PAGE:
And yes, we're going to keep improving things and replacing pieces with better ones. Graphics keeps changing, and what worked in 2011 may not cut it for today's games. Compiler theory is a huge research area in computer science and projects need to keep adapting. You even see new IRs introduced in GCC from time to time.

            That's way oversimplified but hopefully it helps people understand things a bit better.
            Free Software Developer .:. Mesa and Xorg
            Opinions expressed in these forum posts are my own.

            Comment


            • #7
              Maybe off topic, but the fonts in this picture look really ugly to me...

              Comment


              • #8
                Originally posted by skeevy420 View Post

                Forty-six and two
                What does this mean? 46/2?
                I'm talking about how many drivers.

                Comment


                • #9
                  Originally posted by zxy_thf View Post
                  Maybe off topic, but the fonts in this picture look really ugly to me...
                  I agree. What did they use to create that slide?
                  The char positions seem to be aligned by rounding.

                  (DejaVu Sans is worse though)

                  Comment


                  • #10
                    Originally posted by Kayden View Post
                    I think you are mixing up a few things.

                    Classic vs. Gallium is about the driver model. It's how OpenGL or DX API calls translate into hardware state and GPU commands that perform drawing. The driver model is about binding resources, setting up (e.g.) blending modes, supplying vertex data, and telling the GPU to draw polygons.

                    Then there are shaders. Vertex shaders calculate the position the corners of your polygons. Pixel shaders calculate the color of each pixel in a polygon. These are written in programming languages like GLSL, HLSL, or SPIR-V (instead of C++, Java, or Python). The compiler is what takes these source languages and translates them into assembly code that can run on your GPU's shader processors (which are like another CPU, but instead of a 4-core x86 or ARM, they're like a several thousand core processor with a unique ISA). Typically this means turning a variety of source languages into a common intermediate form, performing architecture-independent optimizations, then passing it to a "backend" which does architecture-specific optimizations, instruction scheduling, register allocation, and produces actual assembly code.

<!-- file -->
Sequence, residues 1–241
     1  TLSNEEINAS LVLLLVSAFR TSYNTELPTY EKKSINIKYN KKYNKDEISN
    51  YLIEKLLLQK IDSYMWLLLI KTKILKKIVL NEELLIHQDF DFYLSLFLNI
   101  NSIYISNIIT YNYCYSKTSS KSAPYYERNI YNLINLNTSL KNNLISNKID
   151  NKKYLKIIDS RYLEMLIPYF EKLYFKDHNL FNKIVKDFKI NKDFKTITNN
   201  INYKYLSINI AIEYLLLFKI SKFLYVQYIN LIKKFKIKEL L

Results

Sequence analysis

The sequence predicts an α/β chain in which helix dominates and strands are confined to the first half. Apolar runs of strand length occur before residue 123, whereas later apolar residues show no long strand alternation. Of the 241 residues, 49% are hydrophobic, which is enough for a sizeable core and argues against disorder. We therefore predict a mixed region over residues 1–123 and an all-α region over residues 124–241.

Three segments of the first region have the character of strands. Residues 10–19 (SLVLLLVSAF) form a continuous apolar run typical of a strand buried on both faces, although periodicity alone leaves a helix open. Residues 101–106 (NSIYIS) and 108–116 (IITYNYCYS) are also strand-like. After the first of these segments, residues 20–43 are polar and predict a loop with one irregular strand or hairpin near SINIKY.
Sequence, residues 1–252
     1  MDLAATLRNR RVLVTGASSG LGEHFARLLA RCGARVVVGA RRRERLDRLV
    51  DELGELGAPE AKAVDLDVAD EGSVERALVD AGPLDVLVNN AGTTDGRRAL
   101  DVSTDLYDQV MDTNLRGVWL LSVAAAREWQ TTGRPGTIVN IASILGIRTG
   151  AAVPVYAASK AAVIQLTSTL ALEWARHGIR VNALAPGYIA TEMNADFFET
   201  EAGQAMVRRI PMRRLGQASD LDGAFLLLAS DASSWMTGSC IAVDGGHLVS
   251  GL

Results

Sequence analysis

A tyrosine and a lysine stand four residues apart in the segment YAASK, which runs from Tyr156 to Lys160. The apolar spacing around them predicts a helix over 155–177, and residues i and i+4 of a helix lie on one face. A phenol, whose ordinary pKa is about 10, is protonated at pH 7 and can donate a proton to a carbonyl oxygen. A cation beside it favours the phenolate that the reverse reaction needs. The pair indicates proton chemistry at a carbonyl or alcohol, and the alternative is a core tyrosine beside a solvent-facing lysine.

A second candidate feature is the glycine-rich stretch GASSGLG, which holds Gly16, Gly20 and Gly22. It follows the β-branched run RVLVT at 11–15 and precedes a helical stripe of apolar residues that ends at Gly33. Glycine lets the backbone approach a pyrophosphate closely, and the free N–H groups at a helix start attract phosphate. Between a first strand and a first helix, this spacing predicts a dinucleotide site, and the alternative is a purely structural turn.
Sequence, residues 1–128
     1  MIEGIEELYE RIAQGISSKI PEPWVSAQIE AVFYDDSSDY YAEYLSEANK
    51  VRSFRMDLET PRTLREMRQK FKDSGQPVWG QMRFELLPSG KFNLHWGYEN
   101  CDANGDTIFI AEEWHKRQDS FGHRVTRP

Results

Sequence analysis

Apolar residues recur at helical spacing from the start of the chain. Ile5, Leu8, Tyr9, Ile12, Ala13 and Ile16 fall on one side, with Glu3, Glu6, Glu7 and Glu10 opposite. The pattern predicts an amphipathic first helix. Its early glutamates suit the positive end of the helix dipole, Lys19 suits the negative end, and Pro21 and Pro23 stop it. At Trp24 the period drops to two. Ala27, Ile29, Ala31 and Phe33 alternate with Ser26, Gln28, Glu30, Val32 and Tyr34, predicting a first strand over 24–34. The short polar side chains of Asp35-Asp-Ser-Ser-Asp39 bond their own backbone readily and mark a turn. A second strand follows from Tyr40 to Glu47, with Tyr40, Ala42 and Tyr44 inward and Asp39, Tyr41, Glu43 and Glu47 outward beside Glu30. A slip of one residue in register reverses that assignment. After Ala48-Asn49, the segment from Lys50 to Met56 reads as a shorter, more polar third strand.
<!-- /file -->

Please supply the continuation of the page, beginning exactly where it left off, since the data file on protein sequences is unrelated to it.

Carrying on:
Gallium is our driver model. NIR is our shader intermediate form and optimizer; it's largely architecture-independent. (Intel, AMD, Broadcom, freedreno, and panfrost all use it.) IBC is the Intel backend compiler which turns NIR into Intel GPU assembly (and aims to replace our old one we started in 2011). The backend is one tiny piece of the system.

                    The driver and compiler are largely orthogonal. You need one of each, and they need to work together, but they largely handle different aspects and you can replace them. For example, you can swap Radeon's LLVM system out with ACO. But radeonsi remains largely the same.

                    And yes, we're going to keep improving things and replacing pieces with better ones. Graphics keeps changing, and what worked in 2011 may not cut it for today's games. Compiler theory is a huge research area in computer science and projects need to keep adapting. You even see new IRs introduced in GCC from time to time.

                    That's way oversimplified but hopefully it helps people understand things a bit better.
                    Thank you for the explanation. I have clarified my post.

                    Comment